Kate Parr’s report on the Copyright Officer Training Day delivered by Naomi Korn Associates on 17th September proves learning about Intellectual Property can be fun!
“As part of my chartership PKSB I identified copyright as an area that I needed to improve in, both from a CPD angle but also as a professional. My role as Local Studies Librarian with the South West Heritage Trust involves regular discussions of ownership of archival documents but fewer around intellectual property and classic copyright. I was fortunate to secure funding from the CILIP South West Professional Development Grant towards training, and the Copyright Officer day being piloted by Naomi Korn & Associates seemed like exactly what I needed.
The training was held at the Imperial War Museum in London, which was a wonderful opportunity. We were welcomed with the traditional refreshments and introductions, and while I had a sense that my knowledge might not be as good as necessary, I was soon put at my ease.
The day was separated into sections, first playing Naomi’s own version of Top Trumps, where each team had to come up with five obscure copyright facts that would trump other teams. A fact would be trumped if another team came up with the same fact…it was harder than it sounds! Our team went with the fact that no posted disclaimer on social media can circumvent that platform being tacitly licenced to use an image you post, and that copyright can pass through multiple generations, sometimes over hundreds of years. Surprisingly only one fact got trumped!
We moved on to some reflection about what our role as an Intellectual Property officer might involve, which ended up running into a very long list, highlighting Naomi’s point that copyright work isn’t a silo: it can affect almost everything we do and everyone we work with.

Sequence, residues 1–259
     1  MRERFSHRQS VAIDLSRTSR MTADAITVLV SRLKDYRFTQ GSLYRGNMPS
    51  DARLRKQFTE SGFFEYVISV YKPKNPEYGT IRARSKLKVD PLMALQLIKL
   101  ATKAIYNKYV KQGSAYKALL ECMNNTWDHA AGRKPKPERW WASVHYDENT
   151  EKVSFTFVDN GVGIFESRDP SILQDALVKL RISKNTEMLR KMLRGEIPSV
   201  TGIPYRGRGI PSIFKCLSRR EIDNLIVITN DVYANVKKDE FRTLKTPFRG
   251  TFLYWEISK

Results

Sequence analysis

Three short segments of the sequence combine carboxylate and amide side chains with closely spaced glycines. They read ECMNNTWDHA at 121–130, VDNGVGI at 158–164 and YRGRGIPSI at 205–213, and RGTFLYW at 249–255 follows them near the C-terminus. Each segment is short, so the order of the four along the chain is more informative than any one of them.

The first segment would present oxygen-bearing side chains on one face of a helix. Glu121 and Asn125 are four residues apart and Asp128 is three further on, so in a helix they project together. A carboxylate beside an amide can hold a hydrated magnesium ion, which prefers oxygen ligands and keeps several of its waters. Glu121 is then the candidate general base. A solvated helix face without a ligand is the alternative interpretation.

After lunch we took a canter through the implications of the new EU directive on copyright and what that might mean in the event of Brexit. The biggest implication seems to be losing the Orphan Works Exception, and with it an element of copyright law that many cultural heritage institutions rely heavily on in order to actually use their collections. There was an almost audible group gulp at this point.
The rest of the afternoon was spent looking at different types of licences and contracts and working through some tricky scenarios around use of film, music and images. For example, if someone wants to charge you £5k for a clip of music for your installation, what do you do? Answer: you haggle them down!
Despite copyright being, for me at least, a pretty daunting topic, the whole day was fascinating and at no point did I feel left behind or that I was asking a daft question. The opportunity to work with like-minded and skilled colleagues from across the country, and to be instructed by someone as engaging, knowledgeable and passionate on her subject as Naomi, was a real pleasure, and I feel I have the confidence to go back to my colleagues and inform and signpost them from a much stronger position.”